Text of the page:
How did you customize your Ikea kitchen to suit your needs and preferred aesthetic?
I knew I couldn’t buy counters from Ikea without renting a truck so I decided against it. (I live >2 hours away from the nearest store.) Besides, the barn’s crooked walls would have made it very difficult to perfectly cut a counter without proper tools and advanced skills. Instead, I decided to buy tile-able counters and tiles. I custom built the whole thing. I built a wood frame around the peninsula so it’s sturdy and doesn’t flip over. The wood (which is actually flooring!) on the back and side is nailed onto the frame like tongue and groove.
The day I went to Ikea to buy the kitchen, they were rearranging the hardware aisle and were out of stock on all the nice pulls. Instead of buying so-so pieces, I bought pulls I liked better at a big box store.
I had plumbers in for the barn remodel and they supplied the faucet. I bought the sink on sale. The plumbers installed both.
How long was it from design to finished kitchen?
I bought the kitchen in February 2013 and it was fully installed by the end of July 2013. I bought it early because sales were going on. I knew I wouldn’t start installation right away. The drywall wasn’t even up yet!
First, I focused on painting the spaces I had saved for myself. (The painter did all the ceilings and the walls that required scaffolding.) I got very bad tennis elbow which prevented me from working for a month. In the end, it took two months on and off to tackle the whole space.
How long have you lived with your kitchen? Have you encountered any problems?
I don’t “live” with my kitchen since it’s in the guesthouse. But tourists who have stayed here like it very much! They like the layout, the view from the window over the sink, the simplicity and the airy feel.
The only problem I’ve encountered was a broken dowel in one of the upper cabinets which loosened the tightness of the installation. My hubby helped me take the cabinet down and I changed the dowel (on both sides, you never know!) so it’s nice and secure now.
What is your favorite thing about your kitchen? Least favorite?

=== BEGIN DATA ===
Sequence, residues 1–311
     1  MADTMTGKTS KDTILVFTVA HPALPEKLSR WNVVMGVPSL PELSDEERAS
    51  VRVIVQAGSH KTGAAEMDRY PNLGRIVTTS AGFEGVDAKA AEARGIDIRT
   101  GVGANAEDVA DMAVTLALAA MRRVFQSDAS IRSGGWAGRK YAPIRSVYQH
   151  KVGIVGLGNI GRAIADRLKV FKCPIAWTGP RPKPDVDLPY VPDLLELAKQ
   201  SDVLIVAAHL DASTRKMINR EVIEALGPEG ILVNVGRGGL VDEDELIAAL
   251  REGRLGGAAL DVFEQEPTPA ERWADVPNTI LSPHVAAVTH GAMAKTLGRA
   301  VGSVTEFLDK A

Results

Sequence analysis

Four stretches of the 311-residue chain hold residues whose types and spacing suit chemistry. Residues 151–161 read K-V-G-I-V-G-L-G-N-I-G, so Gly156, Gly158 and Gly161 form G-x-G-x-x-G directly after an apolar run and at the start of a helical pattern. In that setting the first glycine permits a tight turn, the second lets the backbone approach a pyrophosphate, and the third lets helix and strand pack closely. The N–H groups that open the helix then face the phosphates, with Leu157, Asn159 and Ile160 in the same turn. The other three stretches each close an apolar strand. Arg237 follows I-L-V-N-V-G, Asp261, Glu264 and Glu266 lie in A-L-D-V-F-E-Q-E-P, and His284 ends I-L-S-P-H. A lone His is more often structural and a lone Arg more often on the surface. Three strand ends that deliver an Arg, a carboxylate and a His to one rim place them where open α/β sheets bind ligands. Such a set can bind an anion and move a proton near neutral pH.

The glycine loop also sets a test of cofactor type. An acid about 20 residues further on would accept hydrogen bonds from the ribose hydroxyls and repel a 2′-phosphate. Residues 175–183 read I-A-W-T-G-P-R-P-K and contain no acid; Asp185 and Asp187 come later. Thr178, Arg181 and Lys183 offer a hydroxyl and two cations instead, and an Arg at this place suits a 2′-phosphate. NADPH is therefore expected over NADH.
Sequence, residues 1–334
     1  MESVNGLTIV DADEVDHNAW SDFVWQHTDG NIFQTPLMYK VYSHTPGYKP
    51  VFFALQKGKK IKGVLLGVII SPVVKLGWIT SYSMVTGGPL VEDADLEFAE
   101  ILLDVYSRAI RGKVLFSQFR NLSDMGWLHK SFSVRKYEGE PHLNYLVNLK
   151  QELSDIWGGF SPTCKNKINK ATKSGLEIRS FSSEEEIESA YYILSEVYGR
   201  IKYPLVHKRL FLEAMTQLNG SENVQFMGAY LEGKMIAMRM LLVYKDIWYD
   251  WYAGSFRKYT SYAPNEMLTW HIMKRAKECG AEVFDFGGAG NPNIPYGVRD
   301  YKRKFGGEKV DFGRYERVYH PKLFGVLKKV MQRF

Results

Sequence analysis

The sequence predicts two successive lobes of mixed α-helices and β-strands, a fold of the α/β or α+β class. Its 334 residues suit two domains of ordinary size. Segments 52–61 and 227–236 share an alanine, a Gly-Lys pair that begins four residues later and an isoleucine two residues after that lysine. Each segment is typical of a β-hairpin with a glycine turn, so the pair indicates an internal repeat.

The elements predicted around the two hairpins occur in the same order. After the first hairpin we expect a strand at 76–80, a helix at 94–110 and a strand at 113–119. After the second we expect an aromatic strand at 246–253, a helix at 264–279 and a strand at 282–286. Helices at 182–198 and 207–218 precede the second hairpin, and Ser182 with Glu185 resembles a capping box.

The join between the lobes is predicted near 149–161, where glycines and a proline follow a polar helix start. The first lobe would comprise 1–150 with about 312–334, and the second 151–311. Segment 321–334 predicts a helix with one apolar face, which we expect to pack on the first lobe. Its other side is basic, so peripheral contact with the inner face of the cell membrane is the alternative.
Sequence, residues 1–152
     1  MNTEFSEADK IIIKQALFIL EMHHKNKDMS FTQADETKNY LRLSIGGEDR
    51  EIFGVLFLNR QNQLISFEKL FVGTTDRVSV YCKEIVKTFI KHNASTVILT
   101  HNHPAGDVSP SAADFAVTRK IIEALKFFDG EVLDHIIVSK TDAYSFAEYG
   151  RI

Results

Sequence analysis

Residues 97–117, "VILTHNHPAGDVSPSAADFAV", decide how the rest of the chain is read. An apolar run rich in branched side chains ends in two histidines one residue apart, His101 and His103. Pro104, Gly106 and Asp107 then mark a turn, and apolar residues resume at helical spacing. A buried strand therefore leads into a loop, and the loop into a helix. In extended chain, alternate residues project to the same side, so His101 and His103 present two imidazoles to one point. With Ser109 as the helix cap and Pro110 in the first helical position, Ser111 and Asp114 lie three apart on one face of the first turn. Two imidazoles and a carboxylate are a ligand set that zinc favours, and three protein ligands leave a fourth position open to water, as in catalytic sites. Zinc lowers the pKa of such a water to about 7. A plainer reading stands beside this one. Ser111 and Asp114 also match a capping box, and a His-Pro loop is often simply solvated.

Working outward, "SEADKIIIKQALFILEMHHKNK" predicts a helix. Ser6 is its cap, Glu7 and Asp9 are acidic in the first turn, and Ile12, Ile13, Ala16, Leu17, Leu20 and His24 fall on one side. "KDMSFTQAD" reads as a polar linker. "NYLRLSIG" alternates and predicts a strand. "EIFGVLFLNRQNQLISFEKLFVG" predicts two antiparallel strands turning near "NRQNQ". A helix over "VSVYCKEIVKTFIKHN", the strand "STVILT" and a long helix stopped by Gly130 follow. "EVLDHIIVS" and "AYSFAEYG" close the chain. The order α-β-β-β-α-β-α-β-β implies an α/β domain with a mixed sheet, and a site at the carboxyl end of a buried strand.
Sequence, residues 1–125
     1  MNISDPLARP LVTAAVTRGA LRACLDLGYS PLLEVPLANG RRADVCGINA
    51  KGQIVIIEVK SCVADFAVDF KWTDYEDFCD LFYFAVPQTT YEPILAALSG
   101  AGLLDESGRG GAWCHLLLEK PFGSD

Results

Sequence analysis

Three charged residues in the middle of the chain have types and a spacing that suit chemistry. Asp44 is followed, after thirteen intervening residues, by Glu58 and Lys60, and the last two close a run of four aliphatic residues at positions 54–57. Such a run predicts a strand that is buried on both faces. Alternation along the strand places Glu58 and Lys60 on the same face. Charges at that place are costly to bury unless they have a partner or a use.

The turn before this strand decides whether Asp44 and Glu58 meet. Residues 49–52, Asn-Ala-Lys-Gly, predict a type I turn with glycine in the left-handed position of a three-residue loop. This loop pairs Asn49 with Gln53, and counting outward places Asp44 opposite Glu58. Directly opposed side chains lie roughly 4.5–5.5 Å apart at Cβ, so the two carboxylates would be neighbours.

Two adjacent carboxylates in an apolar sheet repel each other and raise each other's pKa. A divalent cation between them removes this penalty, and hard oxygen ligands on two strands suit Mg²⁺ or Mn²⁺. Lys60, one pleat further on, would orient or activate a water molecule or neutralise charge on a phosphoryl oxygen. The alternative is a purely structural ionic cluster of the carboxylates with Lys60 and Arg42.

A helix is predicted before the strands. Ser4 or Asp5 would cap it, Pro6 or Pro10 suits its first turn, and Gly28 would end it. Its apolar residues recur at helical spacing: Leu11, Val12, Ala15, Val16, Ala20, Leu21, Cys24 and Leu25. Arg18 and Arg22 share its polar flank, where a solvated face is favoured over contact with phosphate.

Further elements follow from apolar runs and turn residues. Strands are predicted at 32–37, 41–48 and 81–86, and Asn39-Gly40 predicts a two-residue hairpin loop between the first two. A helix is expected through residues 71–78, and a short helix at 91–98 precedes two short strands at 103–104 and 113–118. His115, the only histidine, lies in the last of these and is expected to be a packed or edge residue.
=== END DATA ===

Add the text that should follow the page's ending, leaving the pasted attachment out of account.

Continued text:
You mean besides the pride of having it done almost all by myself?! I like that in real life it’s exactly like it was on the Ikea software. The design software is reliable if you use it correctly. I also like that it’s open and light on the walls but grounded with darker lower cabinets. It ties in really well with the rest of the space.
I think my least favorite thing is the counter. I need to fix a crack that has appeared between two rows of tiles and I think it would have been nicer to have carpenters install a custom solid counter. But I couldn’t justify the cost of that in any way, especially since it’s not for personal use. It will have to do!
Would you recommend Ikea as a source for a kitchen remodel? If so, which items?
Yes, I would definitively recommend Ikea as a source for a kitchen remodel. I know that they have changed the Faktum line (it’s Metod now) so I’m not as familiar with it as I was with the previous one. I’ve purchased Ikea kitchens in 1997, 2003 and 2013. I’ve seen the line evolve and become sturdier and easier to install so I’m confident this new line will be as easy to use as the old one.
I’ve never bought appliances from Ikea (except for the hood) so I can’t vouch for them.
Would you consider Ikea for a future kitchen remodel?
Yes, I would definitively consider Ikea for a future kitchen remodel. Although, once in my lifetime it would be nice to experience a big project entirely taken care of by the pros!
Resources of note:
cabinets, doors, drawer fronts, hood – Ikea
counters, tiles, grout, sink – Brico Dépôt
faucet – Anchonetti
pulls, lights – Leroy Merlin
dishwasher, stove, clock – La Redoute
fridge – Darty
microwave, coffee maker – hand-me-downs
wood on the back of the peninsula – Chèze
accessories – Noz, Casa, thrift stores, yard sales
Thank you, Ariane, for sharing your experience and letting me feature your lovely guesthouse kitchen. I can’t get over that stone wall, the soaring ceilings and those steel framed windows! Congrats on turning your barn into a functional and profitable space. Kudos to you for chasing your dreams!!
UPDATE: If you are interested in staying at Ariane’s lovely guesthouse in France, you can find more information here and here.
Okay, readers, who suddenly feels the urge to renovate an old barn? Yeah, me too. Even though most of the items sourced in this kitchen aren’t available in the U.S., the story and ideas have my wheels turning. Please thank Ariane for sharing her
kitchen barn remodel. English isn’t her first language but she did wonderfully!
Do you have an Ikea kitchen (it doesn’t have to be 100% Ikea) you would like to share on House*Tweaking? If so, please contact me at firstname.lastname@example.org for consideration. Thank you in advance!
This winter has been brutal. Most of you already know this from first-hand experience. We’re in the midwest and have had record snowfall and cold temps. Part of our bedtime routine with the kids is sharing something we’re thankful for and every night this winter I’ve been thankful for shelter from the cold and snow. So many people don’t have basic necessities (shelter, coats, warm meals, etc.) during winter and I think it’s something easily taken for granted. I try to remind my kids how lucky we are to have a roof over heads, all decorating aside.